Fr Chris Townsend: Let’s Talk About Money
The question of “sacraments for sale” is a sensitive one — and Fr Chris Townshend is trying to make sense of it. (Photo: Steve Buissinne)
The month of January is always a really good time to bring up the topic of money.
When everybody is stressing with school fees and uniforms and the costs of the festive season coming home to roost, this is a perfect time for the Church to get in there and muscle into the queue of those demanding a slice of the recession pie most families are serving up.
Yep. The topic of money is about as welcome as Oliver Twist’s supplication, “Please, Sir, I want some more…”
I have been following the recent comments by Pope Francis about sacraments being charged for. I’ve watched the vigorous debate internationally, and even on the Facebook page of The Southern Cross, with a wry smile.
What Type of Church Are We?
Let’s talk honestly then about what type of Church we are.
If we remain a sacramentally-focused Church, as many parishes are, we will need to have an honest discussion about the costs of sacraments and the need for the Church to survive.
Pope Francis has never really been a parish priest, and that’s where his occasional naivety comes from. But I also have to acknowledge that the situation he speaks of is true.
In my 18 years as a priest, I don’t think I’ve ever seen the sacraments being denied to anyone because of their inability to pay or contribute. I am, however, very familiar with the situation where Requiem Masses have been denied to families because the deceased came short in her contribution to the kabelo/isondlo/planned giving.
This type of financial tyranny is purely logical. Parishes need to pay accounts, often with the biggest bill being the levies to the diocese. In that pursuit, we can easily lose the story of the person concerned: her suffering, how she paid the contribution to the parish for her whole family, fearing this day and how she never missed her contribution to her burial society and sodalities like St Anne’s and Sacred Heart precisely to avoid this moment. Because we all want the dignity of a beautiful funeral.
There is More to the Story
I fully understand this. I have been complicit in this. But there is more to the story.
You see, in my experience, the tragic situation above is not the norm. People and families would often come to the church without asking and pay the deceased person’s contribution. Sodalities and burial societies made a plan.
The biggest problem is that simony — the sale of the holy — has become commonplace in our society.
Look at the “Doom Pastor” Church and the Grace-and-Snakeoil churches that pop up. Many Catholics fall for this type of sin when they seek healing and financial prosperity outside the Church.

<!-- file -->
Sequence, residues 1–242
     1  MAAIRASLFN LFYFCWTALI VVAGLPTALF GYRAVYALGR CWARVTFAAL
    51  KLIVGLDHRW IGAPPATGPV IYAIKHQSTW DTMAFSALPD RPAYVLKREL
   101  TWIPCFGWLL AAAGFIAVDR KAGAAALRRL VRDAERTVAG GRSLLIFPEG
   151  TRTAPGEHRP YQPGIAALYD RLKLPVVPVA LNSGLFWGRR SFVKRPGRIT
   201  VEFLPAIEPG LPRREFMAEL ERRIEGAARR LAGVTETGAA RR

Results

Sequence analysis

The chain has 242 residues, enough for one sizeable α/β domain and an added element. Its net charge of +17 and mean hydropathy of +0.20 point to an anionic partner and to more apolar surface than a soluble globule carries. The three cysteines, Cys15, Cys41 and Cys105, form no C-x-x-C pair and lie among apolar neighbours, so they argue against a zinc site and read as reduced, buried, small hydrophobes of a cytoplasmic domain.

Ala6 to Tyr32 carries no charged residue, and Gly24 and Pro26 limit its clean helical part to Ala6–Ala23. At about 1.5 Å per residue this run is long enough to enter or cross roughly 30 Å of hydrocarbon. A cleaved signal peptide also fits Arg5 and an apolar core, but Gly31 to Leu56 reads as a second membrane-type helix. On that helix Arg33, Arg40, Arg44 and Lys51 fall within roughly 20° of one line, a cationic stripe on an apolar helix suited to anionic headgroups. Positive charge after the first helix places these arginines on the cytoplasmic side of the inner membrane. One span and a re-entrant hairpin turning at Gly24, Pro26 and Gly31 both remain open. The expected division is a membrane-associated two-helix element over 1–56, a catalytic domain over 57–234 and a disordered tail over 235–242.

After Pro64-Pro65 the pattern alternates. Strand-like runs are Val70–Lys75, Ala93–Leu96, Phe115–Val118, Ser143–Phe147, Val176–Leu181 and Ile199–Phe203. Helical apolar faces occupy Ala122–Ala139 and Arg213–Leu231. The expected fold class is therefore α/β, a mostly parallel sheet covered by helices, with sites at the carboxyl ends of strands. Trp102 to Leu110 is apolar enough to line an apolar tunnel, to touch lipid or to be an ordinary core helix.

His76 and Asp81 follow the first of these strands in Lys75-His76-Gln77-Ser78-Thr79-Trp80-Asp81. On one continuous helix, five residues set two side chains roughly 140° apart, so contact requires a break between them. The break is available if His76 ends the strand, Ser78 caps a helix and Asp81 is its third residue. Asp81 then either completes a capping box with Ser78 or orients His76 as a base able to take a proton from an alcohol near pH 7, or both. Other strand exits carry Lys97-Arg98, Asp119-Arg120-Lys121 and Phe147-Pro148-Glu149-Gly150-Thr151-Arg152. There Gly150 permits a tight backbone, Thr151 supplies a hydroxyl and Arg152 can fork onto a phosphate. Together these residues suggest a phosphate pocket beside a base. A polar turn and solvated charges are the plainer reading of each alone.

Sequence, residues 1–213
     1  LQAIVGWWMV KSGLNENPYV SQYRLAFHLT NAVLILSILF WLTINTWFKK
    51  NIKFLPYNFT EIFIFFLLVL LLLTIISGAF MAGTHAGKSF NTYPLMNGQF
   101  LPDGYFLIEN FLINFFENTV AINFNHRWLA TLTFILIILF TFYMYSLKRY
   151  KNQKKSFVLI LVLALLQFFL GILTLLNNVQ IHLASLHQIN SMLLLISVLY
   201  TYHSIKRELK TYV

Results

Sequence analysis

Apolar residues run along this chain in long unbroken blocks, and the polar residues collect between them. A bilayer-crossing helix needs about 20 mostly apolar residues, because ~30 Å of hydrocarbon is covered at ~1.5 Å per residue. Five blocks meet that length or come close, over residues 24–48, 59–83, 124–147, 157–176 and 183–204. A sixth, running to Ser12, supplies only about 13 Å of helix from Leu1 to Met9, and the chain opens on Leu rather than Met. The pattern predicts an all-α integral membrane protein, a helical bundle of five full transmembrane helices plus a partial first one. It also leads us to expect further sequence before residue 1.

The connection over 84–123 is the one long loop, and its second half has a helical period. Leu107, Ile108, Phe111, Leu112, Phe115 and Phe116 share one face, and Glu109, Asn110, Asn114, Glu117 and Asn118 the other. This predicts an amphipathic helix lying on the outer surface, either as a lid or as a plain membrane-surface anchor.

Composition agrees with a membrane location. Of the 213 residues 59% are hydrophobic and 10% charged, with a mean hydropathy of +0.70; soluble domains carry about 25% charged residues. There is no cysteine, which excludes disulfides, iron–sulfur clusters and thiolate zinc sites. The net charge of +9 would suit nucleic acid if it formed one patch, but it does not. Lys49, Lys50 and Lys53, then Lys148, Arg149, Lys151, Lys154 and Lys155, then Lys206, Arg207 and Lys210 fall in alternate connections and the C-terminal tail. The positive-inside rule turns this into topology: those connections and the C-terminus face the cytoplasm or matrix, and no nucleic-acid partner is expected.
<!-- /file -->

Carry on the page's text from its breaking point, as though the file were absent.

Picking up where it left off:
Many of the Prosperity Gospel churches — which are always more prominent in times of financial stress — are predicated on the principle of “Pay first. Grace will follow”. It makes our Holy God a caricature of a Donald Trump-style salesman.
This brings us to the important point of the end of January. 2018 was a difficult year for most parishes. There is no fat.
The Rich Won’t Pay Since they Don’t See ‘Value’
Yes, we do need to run leaner and more efficient parishes. Yes, we do need to make sure that the bills are being paid. But if we are struggling, we need to check the fundamental principle that the people will pay if they feel part of something. They see value and transparency.
The more we commoditise the sacraments and the life of the Church, the more we turn the Church into a business and not a community. And that is the ancient sin of simony.
And on a final note, let me address my boss, Pope Francis. Boss, the real problem is not the poor. You see, they value the Church. In my experience, this is never a problem.
The Church might not get a million rand from the poor, but that sweaty R10 note pulled from the bra strap of an 87 year old woman has the value of all the lotto in the world.
The real problem, Boss, is that those with money have money because they make everything about a transaction. They don’t see value, so they don’t feel the need to support.
I went through a stage a few years ago where I did five weddings in a row and didn’t get a cent — for parish or priest — yet the receptions were done at fancy venues, even televised.
People with money feel that they pay the piper, they call the tune. But you know that, Boss, because that’s the way parts of the American Church is treating you.
Thank you, Boss, for not dancing to their tune.
Read past columns by Fr Chris Townsend
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